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Get An Attorney’s Advice Before Talking To Anyone About Your Case

Consult an attorney before speaking to anyone, including family members or friends! Even if you think that they are on your side, it is possible for them to say something in the heat of the moment which may damage your case. Your lawyer can help protect your rights and give you advice about how best to avoid self-incrimination or incriminating others involved with drug manufacturing charges. It’s the best thing you can do for your future because your criminal record will not go away on its own!

The best way to avoid self-incrimination is to not answer questions from law enforcement officials who are investigating a possible drug manufacturing case. You have the right to remain silent and should exercise that right as much as possible if you do not want your words or actions used against you in court at trial.

PRO TIP: Learn how to get drug possession charges dropped in this post here. In addition get a few consultations with reputable attorneys and secure your future.

Final Advice On How To Beat Drug Manufacturing Charges

If you are facing drug manufacturing charges in Louisiana, it is important that you understand the law and what you are being charged with. Exercise your Fifth Amendment right and remain silent. The best way to avoid self-incrimination is by not answering questions from law enforcement officials who may be investigating a case against you and having an experienced legal professional on your side for any preliminary hearing or trial proceedings. A criminal defense attorney can make all the difference when it comes to fighting drug manufacturing charges and avoiding serious consequences such as years in prison or thousands of dollars in fines.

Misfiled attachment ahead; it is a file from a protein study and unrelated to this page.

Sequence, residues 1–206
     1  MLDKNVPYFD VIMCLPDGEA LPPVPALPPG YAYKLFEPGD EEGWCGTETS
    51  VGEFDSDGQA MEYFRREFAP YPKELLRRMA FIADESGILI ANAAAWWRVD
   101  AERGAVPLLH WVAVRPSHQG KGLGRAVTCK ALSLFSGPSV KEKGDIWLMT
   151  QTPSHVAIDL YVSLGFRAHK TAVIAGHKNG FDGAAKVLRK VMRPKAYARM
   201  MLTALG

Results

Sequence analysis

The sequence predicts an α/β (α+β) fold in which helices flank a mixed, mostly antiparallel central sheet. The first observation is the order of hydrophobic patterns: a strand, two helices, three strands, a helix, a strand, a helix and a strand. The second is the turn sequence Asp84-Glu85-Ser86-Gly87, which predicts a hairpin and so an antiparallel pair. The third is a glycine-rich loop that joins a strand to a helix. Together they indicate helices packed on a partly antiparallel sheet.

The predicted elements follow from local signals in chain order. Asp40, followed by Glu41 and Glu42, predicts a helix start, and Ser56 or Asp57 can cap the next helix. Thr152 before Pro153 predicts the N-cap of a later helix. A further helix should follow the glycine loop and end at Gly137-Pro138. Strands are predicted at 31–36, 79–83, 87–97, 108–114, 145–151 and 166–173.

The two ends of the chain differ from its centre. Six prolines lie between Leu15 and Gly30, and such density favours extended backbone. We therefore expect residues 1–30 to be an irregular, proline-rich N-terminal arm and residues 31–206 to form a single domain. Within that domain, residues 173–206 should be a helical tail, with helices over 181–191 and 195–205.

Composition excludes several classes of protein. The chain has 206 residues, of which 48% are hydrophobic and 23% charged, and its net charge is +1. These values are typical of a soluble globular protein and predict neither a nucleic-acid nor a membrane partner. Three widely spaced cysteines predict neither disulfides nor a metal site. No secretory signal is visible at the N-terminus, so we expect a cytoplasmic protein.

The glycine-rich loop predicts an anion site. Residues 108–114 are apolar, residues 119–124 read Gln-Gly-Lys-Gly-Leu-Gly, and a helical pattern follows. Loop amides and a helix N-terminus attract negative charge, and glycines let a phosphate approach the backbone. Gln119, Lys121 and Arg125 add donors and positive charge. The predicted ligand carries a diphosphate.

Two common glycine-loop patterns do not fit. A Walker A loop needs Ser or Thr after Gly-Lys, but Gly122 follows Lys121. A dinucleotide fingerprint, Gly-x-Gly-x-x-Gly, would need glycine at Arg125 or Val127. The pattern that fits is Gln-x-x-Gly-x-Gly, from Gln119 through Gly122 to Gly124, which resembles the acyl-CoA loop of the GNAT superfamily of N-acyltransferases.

Louisiana has some tough laws for this type of crime and defendants should never attempt to represent themselves against felony narcotics manufacturing charges alone. Drug manufacturing charges are very serious and can result in long prison sentences or steep fines. Having a skilled defense attorney on your side is the best way to ensure that you receive fair treatment from police, prosecutors and judges throughout the criminal justice process such as during preliminary hearings, trial proceedings and sentencing if convicted at trial.

A professional Louisiana legal team will be able to advise you of your rights and help protect them. Barkemeyer Law Firm is a law firm with multiple locations in Louisiana. We are very well known as top drug charge attorneys in the state and can aggressively represent you and help you with your charges. Reach out to us today and find the best defense attorney for this type of crime. We can advise you on how to beat drug manufacturing charges while protecting your rights under the law.


Louisiana DWI & Criminal Lawyers

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Louisiana criminal lawyers and DWI attorneys at the Barkemeyer Law Firm providing legal defense services for clients in Baton Rouge, Ascension, Livingston, Tangipahoa, Port Allen, Alexandria, New Orleans, Lafayette, Metairie, Kenner, Gretna, Hahnville, Chalmette, Slidell, St. Tammany, St. Charles, St. John, St. Bernard, Mandeville, Covington, Shreveport, Bossier, Jefferson, and all of Louisiana.

DISCLAIMER: The information on this website is not formal legal advice nor does it create an attorney-client relationship.